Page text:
AIN Blog:Covert Insertions Go Stealthy

 - May 5, 2011, 7:35 AM
(Photo: EPA)...
(Photo: EPA)

I have often wondered whether the U.S. had a “black” program to provide a stealthy air vehicle to transport special forces into sensitive locations. It seems an obvious requirement, yet very little has surfaced about such a capability. 

Of course, the conventional aircraft and helicopters of U.S. Special Operations Command (SOCOM) are equipped with all sorts of systems to enable covert insertions...terrain-following radars, infrared navigation devices, high-altitude low-extraction paradrops and so on. And low observability can be as much about tactics, techniques and procedures as about technology.

Regarding helicopters in particular, reducing the acoustic signature is probably just as important as evading radars or infrared-detection systems. Much work has already been done in this field, for everyday civilian use as well as covert military applications. Way back in 1971, a Hughes OH-6A light observation helicopter was extensively modified by adding an extra main rotor blade, making changes to the blade tips, providing mufflers for the air intake and exhaust and providing the pilot with a control to slow the main rotor speed when required. Dubbed “The Quiet One,” this helicopter flew into North Vietnam from Laos so that a wiretap could be placed on a key telephone line.

The Osama bin Laden raid into Pakistan suggests that radar-evading stealth technology has finally been applied to this operational problem. It’s not yet clear whether an all-new helicopter has been developed or (more likely) a few of the MH-60 Black Hawks SOCOM uses have been modified.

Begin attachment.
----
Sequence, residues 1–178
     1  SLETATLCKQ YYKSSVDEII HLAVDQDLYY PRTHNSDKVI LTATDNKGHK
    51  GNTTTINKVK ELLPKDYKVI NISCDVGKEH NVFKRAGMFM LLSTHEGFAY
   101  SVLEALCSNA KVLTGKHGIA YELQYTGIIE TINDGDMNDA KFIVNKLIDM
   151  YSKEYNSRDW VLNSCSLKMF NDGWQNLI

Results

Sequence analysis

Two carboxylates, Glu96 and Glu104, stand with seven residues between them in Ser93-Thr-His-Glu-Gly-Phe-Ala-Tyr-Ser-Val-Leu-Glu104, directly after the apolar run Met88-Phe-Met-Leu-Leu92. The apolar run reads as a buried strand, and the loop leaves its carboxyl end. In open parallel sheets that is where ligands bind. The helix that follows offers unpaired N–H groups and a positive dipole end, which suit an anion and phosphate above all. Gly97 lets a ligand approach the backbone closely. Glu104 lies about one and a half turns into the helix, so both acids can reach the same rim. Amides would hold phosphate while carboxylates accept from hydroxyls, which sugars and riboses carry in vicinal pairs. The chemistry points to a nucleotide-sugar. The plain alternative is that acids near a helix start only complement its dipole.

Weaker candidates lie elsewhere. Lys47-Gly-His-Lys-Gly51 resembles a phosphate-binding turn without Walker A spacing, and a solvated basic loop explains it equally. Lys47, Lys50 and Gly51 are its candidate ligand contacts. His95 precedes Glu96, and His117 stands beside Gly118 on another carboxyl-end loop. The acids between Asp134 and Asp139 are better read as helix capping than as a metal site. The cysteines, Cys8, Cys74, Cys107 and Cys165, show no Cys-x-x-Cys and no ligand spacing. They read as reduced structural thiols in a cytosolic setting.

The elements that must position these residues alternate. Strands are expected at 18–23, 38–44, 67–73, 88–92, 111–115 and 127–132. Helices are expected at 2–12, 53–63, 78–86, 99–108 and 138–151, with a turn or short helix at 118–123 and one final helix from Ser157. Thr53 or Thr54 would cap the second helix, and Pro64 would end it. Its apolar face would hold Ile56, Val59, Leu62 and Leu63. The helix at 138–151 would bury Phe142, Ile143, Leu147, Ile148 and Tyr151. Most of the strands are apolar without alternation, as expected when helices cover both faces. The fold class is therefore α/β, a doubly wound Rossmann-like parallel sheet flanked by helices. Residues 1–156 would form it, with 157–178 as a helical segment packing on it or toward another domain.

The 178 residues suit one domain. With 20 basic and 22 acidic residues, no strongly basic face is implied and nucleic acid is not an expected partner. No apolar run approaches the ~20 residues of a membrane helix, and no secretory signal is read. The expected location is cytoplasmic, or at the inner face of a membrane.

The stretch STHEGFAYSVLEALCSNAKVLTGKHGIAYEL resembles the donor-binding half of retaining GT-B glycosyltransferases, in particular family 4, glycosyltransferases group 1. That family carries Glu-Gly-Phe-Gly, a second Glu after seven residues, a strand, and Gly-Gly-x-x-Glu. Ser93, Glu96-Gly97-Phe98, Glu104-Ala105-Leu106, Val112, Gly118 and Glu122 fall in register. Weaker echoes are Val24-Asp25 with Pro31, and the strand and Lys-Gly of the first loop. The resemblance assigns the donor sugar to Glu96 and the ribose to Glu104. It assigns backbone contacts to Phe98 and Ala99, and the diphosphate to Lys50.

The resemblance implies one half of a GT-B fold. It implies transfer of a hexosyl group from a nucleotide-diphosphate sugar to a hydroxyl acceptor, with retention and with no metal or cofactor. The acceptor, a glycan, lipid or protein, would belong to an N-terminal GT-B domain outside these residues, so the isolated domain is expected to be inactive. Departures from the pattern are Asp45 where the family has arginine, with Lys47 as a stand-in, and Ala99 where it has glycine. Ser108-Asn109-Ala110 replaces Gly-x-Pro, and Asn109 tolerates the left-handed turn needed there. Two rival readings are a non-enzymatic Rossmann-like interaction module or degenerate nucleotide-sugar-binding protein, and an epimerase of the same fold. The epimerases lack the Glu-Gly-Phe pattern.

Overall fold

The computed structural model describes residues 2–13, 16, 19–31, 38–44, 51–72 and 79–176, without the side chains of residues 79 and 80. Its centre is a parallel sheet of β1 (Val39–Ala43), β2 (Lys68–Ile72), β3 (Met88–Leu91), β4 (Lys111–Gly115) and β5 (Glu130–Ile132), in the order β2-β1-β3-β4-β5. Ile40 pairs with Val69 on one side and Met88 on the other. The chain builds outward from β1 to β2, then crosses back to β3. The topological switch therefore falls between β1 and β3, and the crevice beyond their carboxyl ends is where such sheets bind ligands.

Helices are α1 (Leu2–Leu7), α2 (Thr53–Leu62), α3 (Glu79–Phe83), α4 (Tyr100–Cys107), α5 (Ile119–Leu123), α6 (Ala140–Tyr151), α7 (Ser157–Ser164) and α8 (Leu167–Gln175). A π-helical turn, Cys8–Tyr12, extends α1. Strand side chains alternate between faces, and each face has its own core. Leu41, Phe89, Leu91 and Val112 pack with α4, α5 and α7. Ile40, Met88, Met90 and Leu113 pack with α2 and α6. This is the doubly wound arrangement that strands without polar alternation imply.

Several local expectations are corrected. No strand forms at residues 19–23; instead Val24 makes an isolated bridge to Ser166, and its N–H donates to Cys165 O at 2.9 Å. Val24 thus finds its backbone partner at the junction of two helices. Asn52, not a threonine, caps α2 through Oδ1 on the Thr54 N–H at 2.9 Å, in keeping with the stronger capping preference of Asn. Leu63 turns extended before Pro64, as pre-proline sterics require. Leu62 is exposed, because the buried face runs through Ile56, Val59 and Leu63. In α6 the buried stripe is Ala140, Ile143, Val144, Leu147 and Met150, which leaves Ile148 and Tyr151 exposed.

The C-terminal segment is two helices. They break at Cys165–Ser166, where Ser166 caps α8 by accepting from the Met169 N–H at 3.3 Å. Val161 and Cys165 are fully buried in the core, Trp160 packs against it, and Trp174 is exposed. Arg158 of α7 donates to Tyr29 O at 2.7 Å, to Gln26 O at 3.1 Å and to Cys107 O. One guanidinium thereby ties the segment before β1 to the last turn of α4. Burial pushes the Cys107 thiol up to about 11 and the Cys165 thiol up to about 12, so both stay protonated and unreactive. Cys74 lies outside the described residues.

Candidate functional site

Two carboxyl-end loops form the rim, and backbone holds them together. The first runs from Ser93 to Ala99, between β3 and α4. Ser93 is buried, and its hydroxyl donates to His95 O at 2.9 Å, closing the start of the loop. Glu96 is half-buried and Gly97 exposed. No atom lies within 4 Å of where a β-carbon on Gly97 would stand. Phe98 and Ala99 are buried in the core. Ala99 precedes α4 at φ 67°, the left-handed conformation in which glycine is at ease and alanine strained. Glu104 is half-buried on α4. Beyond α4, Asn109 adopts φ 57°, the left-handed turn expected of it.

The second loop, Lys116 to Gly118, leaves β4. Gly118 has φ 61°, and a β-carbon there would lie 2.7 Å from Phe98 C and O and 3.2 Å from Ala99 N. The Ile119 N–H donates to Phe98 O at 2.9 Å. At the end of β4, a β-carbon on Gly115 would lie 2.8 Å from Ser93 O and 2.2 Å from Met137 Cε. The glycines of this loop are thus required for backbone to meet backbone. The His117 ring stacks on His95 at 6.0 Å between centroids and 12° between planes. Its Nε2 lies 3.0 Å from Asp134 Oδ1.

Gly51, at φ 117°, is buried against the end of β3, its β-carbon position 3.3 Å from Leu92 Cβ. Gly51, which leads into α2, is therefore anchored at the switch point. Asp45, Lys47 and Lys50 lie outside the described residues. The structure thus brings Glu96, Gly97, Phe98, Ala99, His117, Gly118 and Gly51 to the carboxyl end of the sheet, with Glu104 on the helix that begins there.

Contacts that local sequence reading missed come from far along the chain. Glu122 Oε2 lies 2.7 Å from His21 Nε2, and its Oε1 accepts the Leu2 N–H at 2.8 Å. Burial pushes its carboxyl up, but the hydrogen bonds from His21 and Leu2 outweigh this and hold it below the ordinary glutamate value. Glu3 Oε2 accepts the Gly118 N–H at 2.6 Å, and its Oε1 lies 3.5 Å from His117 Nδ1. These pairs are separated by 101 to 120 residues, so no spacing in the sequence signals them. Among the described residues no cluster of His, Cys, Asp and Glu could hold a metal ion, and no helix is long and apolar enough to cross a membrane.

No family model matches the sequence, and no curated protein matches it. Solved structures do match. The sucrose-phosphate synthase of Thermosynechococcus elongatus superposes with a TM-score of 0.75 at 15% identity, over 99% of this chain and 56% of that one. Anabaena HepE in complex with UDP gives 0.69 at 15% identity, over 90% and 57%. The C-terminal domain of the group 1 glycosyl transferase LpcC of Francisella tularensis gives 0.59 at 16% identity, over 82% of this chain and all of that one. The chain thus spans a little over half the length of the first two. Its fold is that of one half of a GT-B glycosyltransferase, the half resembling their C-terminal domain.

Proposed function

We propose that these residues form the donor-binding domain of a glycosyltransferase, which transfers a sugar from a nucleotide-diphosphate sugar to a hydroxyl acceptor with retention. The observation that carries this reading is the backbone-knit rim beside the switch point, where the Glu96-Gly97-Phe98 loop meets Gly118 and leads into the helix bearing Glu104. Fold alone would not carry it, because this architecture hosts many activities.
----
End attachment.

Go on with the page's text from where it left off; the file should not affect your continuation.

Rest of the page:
A classic dilemma for “black” programs is when to “surface” them. SOCOM probably hoped to keep its new capability secret in the Bin Laden raid. That plan foundered when one of the helicopters was disabled at bin Laden’s compound, perhaps by defending fire, perhaps by a hard landing (higher-than-expected temperatures at the site have been reported, which could have significantly degraded hover performance and increased the even-more-serious possibility of a phenomenon known as “settling with power”).

The raiding party subsequently failed to destroy all the evidence, and now the aviation world is speculating about that disc-covered tail rotor and (maybe) all-composite rear structure.

Pakistani troops secured the wreckage and later removed it. Two interesting questions: will it be returned to the U.S.? Or will Pakistan hand it to China, its closest partner in the aerospace industry?